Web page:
I find this study very interesting because it supports the role of infection on the pathogenesis of atherosclerosis and CVD. The "infection hypothesis" of atherosclerosis has been proposed before (7). The fact that specific bacteria is present in AP and not in other body sites analyzed and that the amount of bacterial 16S rRNA was positively correlated with leukocyte counts, support the notion that these pathogens support directly atherosclerosis progression. However, the study only analyzed the oral cavity and the gut, so it is impossible to conclude that these pathogens couldnt have been derived from other body sites (for example, the skin). Moreover, primers commonly utilized to amplify 16S rRNA sequences are limited to some species, an inherent property of the method (8). Nevertheless, it seems more feasible to suppose that the origin of AP bacteria is the oral cavity because of the close proximity of the bacterial communities in the mouth to the highly vascularized gingival lining and because of the thickness of the subgingival epithelium, which differs from other protective layers such as the skin or the gut mucosa (9). Accordingly, any mechanical disruption of oral bacterial biofilms can trigger bacteremia, and these include oral procedures (periodontal probing, tooth extractions, etc), oral hygiene activities (such as brushing) and physiological phenomena (like chewing) (9). This, coupled with the findings that the abundance of OTUs in the AP were correlated with that of the oral cavity support this hypothesis. Gut bacterial origin is more complicated but feasible (as shown by the presence of gut bacteria in AP samples). The authors suggest that one possible way of this transfer is by phagocytosis of macrophages at epithelial linings.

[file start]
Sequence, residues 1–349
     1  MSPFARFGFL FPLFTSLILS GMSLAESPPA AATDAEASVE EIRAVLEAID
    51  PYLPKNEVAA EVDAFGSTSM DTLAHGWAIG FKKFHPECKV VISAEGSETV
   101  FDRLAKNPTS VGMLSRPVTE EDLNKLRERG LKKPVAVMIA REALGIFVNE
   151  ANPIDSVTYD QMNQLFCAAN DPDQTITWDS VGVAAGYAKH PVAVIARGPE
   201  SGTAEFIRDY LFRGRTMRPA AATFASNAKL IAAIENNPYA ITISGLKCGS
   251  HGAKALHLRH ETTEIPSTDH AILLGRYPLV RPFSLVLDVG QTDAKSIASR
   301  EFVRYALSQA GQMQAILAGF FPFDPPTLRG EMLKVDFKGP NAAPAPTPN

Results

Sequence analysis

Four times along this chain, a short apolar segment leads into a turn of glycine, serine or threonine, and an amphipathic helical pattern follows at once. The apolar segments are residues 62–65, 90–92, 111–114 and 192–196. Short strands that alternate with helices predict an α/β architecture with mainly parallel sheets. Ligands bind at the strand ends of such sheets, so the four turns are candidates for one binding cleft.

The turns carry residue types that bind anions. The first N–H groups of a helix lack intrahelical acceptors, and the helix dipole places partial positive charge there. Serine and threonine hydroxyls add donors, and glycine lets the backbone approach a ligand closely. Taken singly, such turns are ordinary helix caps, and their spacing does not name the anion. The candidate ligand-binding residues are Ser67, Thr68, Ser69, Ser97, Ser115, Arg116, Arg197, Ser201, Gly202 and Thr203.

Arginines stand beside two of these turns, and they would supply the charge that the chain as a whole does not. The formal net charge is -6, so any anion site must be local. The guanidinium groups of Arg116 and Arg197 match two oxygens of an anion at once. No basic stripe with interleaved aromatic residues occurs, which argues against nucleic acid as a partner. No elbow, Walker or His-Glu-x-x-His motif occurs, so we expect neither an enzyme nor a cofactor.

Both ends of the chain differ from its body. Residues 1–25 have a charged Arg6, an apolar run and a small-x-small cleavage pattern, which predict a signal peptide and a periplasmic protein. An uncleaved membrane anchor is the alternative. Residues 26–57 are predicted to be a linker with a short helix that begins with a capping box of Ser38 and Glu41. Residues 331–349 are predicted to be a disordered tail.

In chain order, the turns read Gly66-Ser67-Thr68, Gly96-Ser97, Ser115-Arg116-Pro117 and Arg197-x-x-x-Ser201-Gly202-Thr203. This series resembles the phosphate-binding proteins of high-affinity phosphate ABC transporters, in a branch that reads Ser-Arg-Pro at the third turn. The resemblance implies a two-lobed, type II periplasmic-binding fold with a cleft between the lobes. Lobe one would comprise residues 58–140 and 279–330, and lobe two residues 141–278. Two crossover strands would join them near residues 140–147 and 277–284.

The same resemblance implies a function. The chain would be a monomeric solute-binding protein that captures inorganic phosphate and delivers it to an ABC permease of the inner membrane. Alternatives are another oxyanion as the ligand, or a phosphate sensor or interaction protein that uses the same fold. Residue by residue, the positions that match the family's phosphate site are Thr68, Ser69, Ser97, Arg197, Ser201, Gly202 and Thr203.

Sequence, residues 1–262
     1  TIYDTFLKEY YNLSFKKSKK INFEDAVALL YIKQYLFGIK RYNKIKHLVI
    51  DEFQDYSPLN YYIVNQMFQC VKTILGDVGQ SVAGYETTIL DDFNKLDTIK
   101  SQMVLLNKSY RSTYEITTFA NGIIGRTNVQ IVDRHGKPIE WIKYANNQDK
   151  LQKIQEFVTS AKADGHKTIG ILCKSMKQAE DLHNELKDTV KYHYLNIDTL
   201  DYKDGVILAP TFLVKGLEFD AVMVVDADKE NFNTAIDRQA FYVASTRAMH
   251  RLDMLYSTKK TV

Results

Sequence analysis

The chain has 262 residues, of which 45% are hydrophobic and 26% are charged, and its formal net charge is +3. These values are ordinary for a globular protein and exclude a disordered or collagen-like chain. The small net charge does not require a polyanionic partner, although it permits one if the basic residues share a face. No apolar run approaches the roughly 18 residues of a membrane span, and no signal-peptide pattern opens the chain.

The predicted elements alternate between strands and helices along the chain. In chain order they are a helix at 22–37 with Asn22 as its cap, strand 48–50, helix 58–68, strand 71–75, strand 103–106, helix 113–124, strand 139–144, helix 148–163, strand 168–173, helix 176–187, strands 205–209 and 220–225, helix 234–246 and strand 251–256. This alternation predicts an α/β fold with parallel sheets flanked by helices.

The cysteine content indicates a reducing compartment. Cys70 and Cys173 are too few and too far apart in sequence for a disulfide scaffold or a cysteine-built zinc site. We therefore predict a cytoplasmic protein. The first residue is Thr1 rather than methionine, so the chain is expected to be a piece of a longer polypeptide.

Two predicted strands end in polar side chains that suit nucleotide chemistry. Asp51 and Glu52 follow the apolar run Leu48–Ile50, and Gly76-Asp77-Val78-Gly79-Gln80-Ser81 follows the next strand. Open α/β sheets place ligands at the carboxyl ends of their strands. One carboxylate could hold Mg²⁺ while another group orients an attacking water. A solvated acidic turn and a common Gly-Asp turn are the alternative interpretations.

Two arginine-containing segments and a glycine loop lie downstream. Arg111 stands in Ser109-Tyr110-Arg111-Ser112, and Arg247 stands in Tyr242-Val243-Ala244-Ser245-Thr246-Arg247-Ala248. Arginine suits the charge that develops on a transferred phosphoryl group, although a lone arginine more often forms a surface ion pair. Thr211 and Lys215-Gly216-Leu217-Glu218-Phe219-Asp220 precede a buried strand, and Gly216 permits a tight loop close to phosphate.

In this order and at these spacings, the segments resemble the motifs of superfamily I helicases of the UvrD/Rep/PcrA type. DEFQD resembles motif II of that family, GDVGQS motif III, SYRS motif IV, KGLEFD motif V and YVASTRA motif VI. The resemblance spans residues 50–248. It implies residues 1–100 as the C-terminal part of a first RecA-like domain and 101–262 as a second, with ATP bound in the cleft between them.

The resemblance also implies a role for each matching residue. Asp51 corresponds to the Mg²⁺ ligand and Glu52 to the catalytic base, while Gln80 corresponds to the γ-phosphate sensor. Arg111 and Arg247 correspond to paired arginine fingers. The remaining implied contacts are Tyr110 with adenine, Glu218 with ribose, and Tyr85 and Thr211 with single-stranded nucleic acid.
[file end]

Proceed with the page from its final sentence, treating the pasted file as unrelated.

If indeed bacteria play a role in the formation and/or progression of atherosclerosis, the million dollar question is why do these specific pathogens adhere to the vascular endothelium? Moreover, is this colonization the initial trigger for the localized inflammatory response or just aggravates the condition? With the available evidence it is hard to answer these questions. It has been proposed that atheromas might act as mechanical sieves, collecting bacteria from the cirulation (10). This would have deleterious consequences, as bacterial accumulation in the AP would lead to an increased inflammatory response. It could also link the fact that endotoxemia increases the risk of CVD (11), for which periodontal pathogens seem to play an important role (12). Supporting the role of infection as secondary to atherosclerotic inflammation, fungal DNA has been observed in AP (13), with some species correlated with that found on human microbial communities. It is of worth noting that in this study, fungal richness was not associated with classical CVD risk factors. Because not all normal residing oral bacteria are found in AP samples, AP invasion might be related to the virulence properties of some species (9). This seems to be the case, as in the study reviewed here, there was a common abundance of Streptococcus and Veillonella in AP samples. Streptococcus is able to adhere to the endothelium, while Veillonella is able to change its adherence capacity in the presence of some factors from Streptococcus (14). In fact, there is a tight relationship between Streptococcus and Veillonella in the oral cavity as some strains co-aggregate, partially because Veillonella seems to be metabolically dependent on Streptococcus (15). This relationship is so important that Veillonella is unable to establish an infection without Streptococcus.